Contrasting Historical and Recent Breakup Styles on the Meade River of Arctic Alaska in the Context of a Warming Climate
Richard A. Beck, Kenneth M. Hinkel, Wendy R. Eisner, Douglas Whiteman, Christopher D. Arp, Richard Machida, Chris Cuomo, Hongxing Liu, Changjoo Kim, Andrew J. Rettig, Chantal Ivenso, Bo Yang, Qiusheng Wu, Haibin Su, Shujie Wang, Karen Frey, John D. Lenters, Brittany L. Potter
Atmospheric Radiation Measurement Program, Atqasuk, USA.
Department of Geography, Clark University, Worcester, USA.
Department of Geography, University of Cincinnati, Cincinnati, USA.
Department of GeogSchool of Natural Resources, University of Nebraska at Lincoln, Lincoln, USA raphy, Clark University, Worcester, USA;.
Department of Philosophy, University of Georgia, Athens, USA.
Department of Physics and Geosciences, Texas A&M University-Kingsville, Kingsville, USA.
Information Technology, University of Alaska at Fairbanks, Fairbanks, USA.
School of Natural Resources, University of Nebraska at Lincoln, Lincoln, USA.
Water and Environmental Research Center, University of Alaska, Fairbanks, USA.
DOI: 10.4236/ajcc.2013.22016   PDF   HTML   XML   5,246 Downloads   7,579 Views   Citations


Although data for temporal spring river ice breakup are available for a number of Arctic rivers, there is a paucity of information related to the type of breakup. The Arctic Climate Impact Assessment (ACIA) of 2005 predicted a transition from mechanical to thermal spring breakup of ice cover on arctic rivers, with this shift being greatest in exclusively Arctic watersheds where observed warming is most pronounced. We describe a rare instance of an entirely Arctic river with limited but well documented historical and recent data regarding the type of breakup. Time-series ground imagery of spring breakup from 1966, 1975, 1978, 2009, 2010 and 2012, incombination with interviews of local inhabitants, documents a shift from predominantly mechanical to predominantly thermal breakup after spring 1978 and by spring 2009 within the context of a locally and regionally warming Arctic. The resultant shift from predominantly mechanical to predominantly thermal breakup is predicted to result in significant changes to water, sediment, nutrient and organic carbon fluxes, as well as riparian ecology and human activities.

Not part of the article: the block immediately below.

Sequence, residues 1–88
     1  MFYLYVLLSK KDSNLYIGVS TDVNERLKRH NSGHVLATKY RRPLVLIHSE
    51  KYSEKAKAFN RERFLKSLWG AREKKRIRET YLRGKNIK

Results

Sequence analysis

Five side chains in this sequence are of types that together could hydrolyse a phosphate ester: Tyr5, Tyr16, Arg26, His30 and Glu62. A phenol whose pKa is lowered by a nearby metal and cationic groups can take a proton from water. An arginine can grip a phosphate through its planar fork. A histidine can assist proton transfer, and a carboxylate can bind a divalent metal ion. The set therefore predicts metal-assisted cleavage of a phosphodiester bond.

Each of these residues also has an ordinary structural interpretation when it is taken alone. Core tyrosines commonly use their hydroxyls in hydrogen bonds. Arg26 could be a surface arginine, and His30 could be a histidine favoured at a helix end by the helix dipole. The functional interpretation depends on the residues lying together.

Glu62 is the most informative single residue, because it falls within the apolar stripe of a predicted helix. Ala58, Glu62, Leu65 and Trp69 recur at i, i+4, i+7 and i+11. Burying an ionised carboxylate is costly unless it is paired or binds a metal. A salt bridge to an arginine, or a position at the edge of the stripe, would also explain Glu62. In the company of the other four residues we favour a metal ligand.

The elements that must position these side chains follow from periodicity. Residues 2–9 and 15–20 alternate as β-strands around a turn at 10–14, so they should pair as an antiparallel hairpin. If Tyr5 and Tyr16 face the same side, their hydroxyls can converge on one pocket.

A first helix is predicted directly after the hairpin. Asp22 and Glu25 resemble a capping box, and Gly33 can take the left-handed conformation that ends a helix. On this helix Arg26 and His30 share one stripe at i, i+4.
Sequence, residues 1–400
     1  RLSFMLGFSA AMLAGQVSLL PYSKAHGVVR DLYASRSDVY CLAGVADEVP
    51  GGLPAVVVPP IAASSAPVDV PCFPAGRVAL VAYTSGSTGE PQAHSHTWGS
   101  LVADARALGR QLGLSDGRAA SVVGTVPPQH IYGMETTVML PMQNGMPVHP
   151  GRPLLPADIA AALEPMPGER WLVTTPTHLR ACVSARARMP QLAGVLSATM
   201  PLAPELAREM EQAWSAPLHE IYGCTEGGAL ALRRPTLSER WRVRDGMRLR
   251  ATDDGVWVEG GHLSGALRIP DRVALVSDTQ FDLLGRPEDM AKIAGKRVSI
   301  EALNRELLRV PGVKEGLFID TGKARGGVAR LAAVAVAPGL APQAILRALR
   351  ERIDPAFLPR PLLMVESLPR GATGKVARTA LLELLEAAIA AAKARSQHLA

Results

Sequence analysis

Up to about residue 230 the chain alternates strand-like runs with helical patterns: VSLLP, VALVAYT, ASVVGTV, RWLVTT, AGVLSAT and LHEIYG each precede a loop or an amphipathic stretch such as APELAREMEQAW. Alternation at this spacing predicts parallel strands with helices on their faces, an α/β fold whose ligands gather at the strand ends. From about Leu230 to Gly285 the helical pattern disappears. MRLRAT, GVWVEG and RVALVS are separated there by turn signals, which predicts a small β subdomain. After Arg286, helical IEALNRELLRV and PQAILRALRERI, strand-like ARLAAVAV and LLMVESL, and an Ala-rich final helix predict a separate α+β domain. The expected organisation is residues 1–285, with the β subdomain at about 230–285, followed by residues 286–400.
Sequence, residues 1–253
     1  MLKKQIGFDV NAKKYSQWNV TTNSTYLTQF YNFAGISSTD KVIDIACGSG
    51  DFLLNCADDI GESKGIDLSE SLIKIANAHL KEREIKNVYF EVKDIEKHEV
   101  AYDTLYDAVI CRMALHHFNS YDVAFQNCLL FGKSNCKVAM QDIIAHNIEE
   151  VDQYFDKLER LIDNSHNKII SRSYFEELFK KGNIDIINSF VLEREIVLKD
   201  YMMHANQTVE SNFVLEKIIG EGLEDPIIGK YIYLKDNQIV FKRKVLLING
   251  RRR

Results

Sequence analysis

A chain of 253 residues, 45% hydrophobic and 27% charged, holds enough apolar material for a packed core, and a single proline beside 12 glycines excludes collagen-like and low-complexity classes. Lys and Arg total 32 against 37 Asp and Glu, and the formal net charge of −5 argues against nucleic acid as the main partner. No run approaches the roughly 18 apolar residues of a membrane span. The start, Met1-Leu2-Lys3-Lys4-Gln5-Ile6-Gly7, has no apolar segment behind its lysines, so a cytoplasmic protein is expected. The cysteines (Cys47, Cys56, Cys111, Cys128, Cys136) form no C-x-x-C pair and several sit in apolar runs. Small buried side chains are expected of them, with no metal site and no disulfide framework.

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R. Beck, K. Hinkel, W. Eisner, D. Whiteman, C. Arp, R. Machida, C. Cuomo, H. Liu, C. Kim, A. Rettig, C. Ivenso, B. Yang, Q. Wu, H. Su, S. Wang, K. Frey, J. Lenters and B. Potter, "Contrasting Historical and Recent Breakup Styles on the Meade River of Arctic Alaska in the Context of a Warming Climate," American Journal of Climate Change, Vol. 2 No. 2, 2013, pp. 165-172. doi: 10.4236/ajcc.2013.22016.

Conflicts of Interest

The authors declare no conflicts of interest.


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